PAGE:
If the goal is to help inform people about the difference between the mathematical expectation of a ratio and the ratio of expected values, then this was a terrible question to start with, since it is difficult to imagine a realistic situation where people interested in the number of girls born in a country would care about the slight difference.

Tom: My reference to sarcasm was not intended as a personal attack; I was genuinely unsure (not knowing you, really) of whether you intended your statements sincerely or sarcastically. I was pretty sure of the former but didn’t want to be presumptuous.

You continue to be dead wrong about the specifics of the puzzle, as is shown by a) the calculation in my original post, b) the calculation in the Douglas Zare post I linked to, c) the (rather brilliant, in my opinion) Taylor Series calculation posted by Thomas Bayes in comments to the original post and d) several other arguments by commenters who have succeeded in understanding the issue.

Hello, everyone. Like everyone else, I had a really hard time accepting the idea that the expected fraction could be anything other than the biologically-mandated 50%. The following extreme example helped it become intuitive for me:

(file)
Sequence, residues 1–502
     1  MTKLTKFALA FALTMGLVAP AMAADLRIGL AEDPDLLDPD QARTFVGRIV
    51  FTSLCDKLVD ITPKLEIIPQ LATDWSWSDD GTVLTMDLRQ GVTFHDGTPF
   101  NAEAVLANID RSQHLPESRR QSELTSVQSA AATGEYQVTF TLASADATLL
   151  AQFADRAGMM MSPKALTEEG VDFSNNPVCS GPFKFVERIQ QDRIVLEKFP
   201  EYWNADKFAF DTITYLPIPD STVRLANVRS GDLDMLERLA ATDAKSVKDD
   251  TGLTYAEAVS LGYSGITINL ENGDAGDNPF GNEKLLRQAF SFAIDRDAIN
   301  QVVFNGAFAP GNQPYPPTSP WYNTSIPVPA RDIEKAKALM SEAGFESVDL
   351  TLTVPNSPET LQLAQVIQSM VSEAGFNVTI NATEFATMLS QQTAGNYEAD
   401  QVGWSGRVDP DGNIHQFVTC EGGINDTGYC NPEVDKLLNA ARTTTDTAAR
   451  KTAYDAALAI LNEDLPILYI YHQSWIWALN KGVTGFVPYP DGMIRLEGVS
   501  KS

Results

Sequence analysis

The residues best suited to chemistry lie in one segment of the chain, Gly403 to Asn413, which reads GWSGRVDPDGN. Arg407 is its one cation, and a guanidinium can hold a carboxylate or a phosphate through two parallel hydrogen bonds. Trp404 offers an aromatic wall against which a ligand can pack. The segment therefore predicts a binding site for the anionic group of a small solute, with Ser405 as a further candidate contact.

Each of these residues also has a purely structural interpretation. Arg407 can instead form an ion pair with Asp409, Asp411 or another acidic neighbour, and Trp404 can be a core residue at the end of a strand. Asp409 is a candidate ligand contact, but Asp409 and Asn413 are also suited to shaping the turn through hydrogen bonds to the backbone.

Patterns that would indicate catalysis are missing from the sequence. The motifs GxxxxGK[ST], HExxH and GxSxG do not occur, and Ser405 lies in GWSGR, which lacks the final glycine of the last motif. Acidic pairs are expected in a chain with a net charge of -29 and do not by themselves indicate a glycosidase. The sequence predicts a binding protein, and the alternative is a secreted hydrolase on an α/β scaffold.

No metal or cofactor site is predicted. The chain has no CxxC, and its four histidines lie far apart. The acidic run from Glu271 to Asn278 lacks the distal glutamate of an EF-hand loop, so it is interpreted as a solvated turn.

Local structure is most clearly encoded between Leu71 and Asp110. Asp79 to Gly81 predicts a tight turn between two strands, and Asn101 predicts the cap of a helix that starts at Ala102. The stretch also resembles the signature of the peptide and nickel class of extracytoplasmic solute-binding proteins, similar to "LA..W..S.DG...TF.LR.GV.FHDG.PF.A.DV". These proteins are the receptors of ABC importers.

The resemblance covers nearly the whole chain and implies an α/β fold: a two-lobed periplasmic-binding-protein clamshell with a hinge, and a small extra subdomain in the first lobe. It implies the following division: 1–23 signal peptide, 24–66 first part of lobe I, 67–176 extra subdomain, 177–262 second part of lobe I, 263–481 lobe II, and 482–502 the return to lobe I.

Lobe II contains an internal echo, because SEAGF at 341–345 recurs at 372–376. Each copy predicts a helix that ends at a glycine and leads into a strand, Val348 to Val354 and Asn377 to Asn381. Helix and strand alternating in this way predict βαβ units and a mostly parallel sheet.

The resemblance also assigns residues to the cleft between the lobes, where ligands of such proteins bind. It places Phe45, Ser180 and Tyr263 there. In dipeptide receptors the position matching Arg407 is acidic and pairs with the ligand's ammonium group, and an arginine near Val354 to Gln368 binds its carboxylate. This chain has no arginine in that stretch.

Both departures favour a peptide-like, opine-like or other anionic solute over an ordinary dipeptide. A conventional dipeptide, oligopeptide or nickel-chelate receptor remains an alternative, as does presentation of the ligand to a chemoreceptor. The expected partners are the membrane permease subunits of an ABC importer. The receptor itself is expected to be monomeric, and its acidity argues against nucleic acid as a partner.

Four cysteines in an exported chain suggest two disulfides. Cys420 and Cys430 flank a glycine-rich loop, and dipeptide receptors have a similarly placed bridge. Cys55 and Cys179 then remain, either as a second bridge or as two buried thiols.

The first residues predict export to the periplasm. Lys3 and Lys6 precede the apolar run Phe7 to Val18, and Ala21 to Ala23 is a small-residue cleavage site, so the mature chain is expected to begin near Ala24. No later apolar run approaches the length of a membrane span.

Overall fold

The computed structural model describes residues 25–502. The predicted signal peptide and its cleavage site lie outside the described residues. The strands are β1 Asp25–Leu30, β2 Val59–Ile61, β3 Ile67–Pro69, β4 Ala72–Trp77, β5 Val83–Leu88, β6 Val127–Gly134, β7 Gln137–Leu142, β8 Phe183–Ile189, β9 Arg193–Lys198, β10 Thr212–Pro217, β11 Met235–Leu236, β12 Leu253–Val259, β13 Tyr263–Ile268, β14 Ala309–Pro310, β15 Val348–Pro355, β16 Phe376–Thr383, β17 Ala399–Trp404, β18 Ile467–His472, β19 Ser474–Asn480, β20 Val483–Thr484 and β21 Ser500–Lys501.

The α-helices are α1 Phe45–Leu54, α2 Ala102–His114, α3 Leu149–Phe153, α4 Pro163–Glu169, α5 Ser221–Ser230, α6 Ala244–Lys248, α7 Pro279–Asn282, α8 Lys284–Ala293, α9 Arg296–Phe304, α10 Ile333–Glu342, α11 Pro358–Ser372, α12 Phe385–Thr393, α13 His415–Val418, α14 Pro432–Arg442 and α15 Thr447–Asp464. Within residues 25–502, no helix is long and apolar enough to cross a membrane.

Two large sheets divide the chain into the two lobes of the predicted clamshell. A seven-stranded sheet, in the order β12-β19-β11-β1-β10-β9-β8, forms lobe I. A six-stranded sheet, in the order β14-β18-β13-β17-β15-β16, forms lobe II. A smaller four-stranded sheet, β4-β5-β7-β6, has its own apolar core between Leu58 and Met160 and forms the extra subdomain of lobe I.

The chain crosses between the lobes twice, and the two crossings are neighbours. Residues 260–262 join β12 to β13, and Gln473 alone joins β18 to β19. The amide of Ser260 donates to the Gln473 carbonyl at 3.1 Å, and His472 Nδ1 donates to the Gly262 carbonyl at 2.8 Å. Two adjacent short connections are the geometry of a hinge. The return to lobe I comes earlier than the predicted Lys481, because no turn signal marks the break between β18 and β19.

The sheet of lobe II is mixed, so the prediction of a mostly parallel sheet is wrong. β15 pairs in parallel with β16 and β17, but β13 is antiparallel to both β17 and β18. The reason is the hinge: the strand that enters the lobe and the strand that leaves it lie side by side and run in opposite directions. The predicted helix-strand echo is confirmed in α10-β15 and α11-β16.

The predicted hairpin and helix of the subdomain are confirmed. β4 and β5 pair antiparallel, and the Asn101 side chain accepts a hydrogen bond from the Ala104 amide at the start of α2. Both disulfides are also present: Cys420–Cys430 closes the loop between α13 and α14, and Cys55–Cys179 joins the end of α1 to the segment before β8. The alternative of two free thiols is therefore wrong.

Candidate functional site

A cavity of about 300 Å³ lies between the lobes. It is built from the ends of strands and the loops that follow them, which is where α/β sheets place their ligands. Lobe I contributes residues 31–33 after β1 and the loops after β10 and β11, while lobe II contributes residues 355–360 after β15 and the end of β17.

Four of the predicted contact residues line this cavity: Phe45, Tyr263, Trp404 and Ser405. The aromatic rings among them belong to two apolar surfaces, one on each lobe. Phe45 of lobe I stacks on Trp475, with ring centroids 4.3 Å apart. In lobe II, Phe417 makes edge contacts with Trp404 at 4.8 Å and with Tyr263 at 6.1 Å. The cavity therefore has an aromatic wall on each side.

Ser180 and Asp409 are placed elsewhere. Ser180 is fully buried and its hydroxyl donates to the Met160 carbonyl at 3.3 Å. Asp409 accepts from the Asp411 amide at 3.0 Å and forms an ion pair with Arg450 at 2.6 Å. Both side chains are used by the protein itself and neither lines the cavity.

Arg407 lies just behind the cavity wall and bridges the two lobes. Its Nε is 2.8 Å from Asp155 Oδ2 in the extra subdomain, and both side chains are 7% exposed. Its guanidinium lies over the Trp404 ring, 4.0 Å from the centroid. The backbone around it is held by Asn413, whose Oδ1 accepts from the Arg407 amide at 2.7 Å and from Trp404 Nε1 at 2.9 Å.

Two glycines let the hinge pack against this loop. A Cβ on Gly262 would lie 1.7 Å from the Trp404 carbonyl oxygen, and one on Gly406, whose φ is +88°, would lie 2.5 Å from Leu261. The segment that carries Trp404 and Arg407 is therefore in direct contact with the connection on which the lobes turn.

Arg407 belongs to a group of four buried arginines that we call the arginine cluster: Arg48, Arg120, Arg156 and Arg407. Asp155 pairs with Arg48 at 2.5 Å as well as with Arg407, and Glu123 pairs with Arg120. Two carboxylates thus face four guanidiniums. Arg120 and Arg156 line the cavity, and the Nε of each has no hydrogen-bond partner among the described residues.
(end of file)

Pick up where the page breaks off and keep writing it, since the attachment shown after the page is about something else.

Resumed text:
Suppose a couple decides that if their first child is a boy, they will stop having children. If it is a girl, however, they will go on to have 100 more children.

They have a 50% chance of having a boy, and a 50% chance of having 101 children that will probably be about half boys and half girls. So the expected fraction of boys is approximately 75%. There is nothing really subtle about it – that is just how expected values work.

Someone mentioned gambling – you could easily use this strategy to have an expected rate of return of about 50% on a trip to Vegas, but it would not be a profitable strategy. The same obviously applies to stocks and could generate some attractive-looking but misleading claims for, say, advertising a mutual fund.

I wonder if might be better to simplify the question with a different stopping rule, e.g. “Parents have two children unless their first is a boy.”

For any given family, there’s a 50% chance they have 0% girls, a 25% chance they have 50% girls and a 25% chance they have 100% girls, for an expected fraction of 37.5% girls. This differs from the expected value because 100% boy families only have +1 boy, whereas 100% girl families have +2 girls.